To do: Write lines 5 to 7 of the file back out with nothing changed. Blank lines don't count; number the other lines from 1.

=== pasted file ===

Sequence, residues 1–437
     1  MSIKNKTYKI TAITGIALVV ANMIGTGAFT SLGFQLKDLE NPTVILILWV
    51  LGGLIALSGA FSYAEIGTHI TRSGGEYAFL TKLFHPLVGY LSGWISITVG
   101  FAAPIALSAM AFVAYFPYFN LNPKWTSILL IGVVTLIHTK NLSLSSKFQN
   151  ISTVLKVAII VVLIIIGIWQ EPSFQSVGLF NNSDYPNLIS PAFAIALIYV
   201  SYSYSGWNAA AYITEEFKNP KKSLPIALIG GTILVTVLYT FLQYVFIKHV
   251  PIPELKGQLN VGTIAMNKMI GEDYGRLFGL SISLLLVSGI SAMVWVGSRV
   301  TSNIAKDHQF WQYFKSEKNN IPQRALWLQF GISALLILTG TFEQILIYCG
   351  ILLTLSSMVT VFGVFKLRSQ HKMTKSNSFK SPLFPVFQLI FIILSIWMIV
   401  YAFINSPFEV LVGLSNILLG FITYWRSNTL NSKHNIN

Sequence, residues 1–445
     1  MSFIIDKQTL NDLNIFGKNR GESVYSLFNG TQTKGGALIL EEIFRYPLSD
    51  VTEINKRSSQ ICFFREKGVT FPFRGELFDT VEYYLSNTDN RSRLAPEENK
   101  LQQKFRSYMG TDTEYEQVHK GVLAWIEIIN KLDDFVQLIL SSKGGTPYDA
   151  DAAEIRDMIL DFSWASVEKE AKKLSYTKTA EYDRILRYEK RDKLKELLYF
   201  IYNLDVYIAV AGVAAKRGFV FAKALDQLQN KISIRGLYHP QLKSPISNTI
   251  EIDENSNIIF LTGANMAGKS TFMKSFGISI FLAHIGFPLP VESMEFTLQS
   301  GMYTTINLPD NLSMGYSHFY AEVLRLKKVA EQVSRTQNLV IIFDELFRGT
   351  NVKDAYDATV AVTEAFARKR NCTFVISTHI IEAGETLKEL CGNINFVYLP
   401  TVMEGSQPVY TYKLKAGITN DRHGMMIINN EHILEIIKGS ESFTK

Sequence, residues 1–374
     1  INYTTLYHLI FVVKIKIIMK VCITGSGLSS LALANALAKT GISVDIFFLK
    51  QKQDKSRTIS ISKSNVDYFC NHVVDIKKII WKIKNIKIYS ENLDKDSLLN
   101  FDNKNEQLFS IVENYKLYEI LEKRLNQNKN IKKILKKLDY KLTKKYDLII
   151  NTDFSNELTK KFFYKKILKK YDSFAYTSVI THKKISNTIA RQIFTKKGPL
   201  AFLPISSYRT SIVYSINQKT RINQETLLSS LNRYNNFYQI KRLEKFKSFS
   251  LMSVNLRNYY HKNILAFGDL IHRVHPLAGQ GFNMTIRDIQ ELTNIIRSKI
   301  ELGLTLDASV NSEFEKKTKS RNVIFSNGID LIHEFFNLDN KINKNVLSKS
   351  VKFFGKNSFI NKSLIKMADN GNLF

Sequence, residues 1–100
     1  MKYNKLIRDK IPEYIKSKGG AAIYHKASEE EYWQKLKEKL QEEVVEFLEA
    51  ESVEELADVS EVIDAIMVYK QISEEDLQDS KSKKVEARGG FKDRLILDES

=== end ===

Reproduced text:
   151  ISTVLKVAII VVLIIIGIWQ EPSFQSVGLF NNSDYPNLIS PAFAIALIYV
   201  SYSYSGWNAA AYITEEFKNP KKSLPIALIG GTILVTVLYT FLQYVFIKHV
   251  PIPELKGQLN VGTIAMNKMI GEDYGRLFGL SISLLLVSGI SAMVWVGSRV